The predicted changes in per capita income by 2050 are less radical, though still impressive. The United States and the United Kingdom are neck-and-neck at the top, just as they are now, with Canada only slightly behind. Koreans are substantially richer than Japanese — $80,000 per annum versus $63,000 — and the Chinese still bring up the rear in East Asia with a mere $50,000 a year.

But hang on a minute. $50,000 a year is slightly higher than the present per capita income in the US or Britain. In 2050 there will be around one and a half billion Chinese, and if they have an average per capita income of $50,000 a year then most of them will be leading a fairly lavish middle-class lifestyle. How is this compatible with what we know about the world’s resources of energy, food and other commodities, and about the likely course of climate change?

Goldman Sachs is providing surprise-free projections of current trends. This is a useful exercise, because it sets the larger framework in which the inevitable surprises will take place. But that is all it is, because no forty-year stretch of history is free of surprises.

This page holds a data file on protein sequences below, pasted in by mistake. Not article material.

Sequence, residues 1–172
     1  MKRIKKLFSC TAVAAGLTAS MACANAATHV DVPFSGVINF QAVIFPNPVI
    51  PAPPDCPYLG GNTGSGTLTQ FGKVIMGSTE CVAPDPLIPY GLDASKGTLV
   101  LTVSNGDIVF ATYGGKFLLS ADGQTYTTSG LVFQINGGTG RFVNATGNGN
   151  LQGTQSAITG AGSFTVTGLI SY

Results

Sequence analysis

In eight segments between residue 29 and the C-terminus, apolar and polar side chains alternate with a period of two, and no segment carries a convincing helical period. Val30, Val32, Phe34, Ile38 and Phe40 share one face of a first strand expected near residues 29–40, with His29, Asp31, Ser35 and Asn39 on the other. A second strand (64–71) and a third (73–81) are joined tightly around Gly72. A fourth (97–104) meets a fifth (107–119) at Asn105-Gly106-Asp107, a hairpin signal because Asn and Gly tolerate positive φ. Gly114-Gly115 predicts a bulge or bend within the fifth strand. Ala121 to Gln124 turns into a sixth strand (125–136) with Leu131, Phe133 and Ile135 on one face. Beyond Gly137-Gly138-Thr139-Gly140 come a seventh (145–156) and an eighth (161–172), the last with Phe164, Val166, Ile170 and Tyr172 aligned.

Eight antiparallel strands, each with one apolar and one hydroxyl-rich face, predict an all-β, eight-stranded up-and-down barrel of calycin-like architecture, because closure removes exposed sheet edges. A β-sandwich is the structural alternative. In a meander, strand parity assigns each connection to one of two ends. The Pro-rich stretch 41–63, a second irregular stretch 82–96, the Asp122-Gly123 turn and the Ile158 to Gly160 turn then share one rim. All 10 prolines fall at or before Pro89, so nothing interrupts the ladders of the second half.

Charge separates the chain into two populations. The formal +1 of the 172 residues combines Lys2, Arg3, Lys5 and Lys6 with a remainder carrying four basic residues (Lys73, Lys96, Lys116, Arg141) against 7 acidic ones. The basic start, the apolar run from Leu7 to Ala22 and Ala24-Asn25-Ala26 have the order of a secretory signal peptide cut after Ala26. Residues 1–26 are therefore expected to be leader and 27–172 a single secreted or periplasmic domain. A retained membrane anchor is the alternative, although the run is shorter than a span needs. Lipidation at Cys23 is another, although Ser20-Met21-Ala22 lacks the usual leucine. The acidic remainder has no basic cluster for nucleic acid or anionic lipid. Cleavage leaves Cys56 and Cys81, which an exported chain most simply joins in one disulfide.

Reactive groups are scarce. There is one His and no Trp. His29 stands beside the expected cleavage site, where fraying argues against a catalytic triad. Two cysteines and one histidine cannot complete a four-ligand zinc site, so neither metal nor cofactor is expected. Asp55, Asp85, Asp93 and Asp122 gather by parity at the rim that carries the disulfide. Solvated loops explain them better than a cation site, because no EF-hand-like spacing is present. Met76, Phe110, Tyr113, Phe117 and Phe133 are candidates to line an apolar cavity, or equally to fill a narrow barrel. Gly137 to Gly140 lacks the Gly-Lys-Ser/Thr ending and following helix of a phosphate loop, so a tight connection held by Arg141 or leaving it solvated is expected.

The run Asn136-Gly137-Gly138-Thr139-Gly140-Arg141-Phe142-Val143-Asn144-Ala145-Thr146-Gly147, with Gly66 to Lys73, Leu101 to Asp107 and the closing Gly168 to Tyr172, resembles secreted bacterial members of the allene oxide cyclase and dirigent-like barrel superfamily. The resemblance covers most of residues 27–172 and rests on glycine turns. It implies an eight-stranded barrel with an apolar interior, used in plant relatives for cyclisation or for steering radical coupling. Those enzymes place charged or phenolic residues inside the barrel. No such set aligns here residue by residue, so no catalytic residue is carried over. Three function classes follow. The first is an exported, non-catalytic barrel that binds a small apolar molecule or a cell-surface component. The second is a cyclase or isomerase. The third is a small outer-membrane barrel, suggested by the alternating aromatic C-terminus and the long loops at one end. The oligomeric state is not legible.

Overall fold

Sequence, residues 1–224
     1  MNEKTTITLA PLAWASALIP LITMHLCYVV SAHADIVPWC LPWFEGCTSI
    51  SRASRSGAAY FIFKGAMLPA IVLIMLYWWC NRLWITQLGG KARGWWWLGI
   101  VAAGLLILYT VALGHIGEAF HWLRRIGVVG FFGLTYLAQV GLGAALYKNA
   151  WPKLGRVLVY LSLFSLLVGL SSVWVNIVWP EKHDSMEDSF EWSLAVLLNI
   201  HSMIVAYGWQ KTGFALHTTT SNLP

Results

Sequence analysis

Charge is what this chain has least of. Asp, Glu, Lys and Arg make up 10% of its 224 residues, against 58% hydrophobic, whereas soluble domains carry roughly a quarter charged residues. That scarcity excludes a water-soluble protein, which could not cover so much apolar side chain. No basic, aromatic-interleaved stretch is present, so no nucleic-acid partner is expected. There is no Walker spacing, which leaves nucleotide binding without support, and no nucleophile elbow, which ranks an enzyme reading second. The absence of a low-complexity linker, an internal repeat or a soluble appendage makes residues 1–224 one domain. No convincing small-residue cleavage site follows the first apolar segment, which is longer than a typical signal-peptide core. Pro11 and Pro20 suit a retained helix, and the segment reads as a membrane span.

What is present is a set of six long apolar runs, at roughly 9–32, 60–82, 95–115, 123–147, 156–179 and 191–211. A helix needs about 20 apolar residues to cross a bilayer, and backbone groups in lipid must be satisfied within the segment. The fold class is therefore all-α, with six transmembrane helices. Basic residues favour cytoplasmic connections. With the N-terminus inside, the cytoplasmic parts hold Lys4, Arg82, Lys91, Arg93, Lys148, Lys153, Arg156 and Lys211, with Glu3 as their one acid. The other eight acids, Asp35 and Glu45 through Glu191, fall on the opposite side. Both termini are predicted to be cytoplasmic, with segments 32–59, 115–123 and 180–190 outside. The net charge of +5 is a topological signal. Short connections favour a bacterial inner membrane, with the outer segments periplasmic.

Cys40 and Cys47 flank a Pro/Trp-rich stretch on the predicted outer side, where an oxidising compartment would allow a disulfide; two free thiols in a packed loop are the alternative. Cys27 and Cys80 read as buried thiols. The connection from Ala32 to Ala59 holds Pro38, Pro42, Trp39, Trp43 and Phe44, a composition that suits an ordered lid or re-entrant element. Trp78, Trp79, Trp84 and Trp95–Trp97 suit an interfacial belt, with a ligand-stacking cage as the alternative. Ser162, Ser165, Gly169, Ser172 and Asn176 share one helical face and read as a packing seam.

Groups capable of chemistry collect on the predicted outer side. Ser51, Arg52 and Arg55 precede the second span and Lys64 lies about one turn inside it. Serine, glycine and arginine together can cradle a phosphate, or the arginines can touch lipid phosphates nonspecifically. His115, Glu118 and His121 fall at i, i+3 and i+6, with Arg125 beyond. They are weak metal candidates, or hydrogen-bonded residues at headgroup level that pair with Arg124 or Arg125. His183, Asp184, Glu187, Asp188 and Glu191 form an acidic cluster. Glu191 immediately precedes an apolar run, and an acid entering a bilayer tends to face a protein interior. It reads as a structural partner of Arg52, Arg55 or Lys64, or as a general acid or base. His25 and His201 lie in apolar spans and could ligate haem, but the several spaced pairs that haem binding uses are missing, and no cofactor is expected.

In the past forty years we have seen the rise to great wealth of the oil-exporting states of the Arabian peninsula, but a crash in the predicted Iranian growth rate after the 1979 revolution. We have seen the disappointment of the high expectations most people held for newly independent African countries in the 1960s, and the sudden high growth rates of most Asian countries in the 1980s and 1990s. We have seen the collapse of the Soviet empire and the expansion of the European Union into Eastern Europe.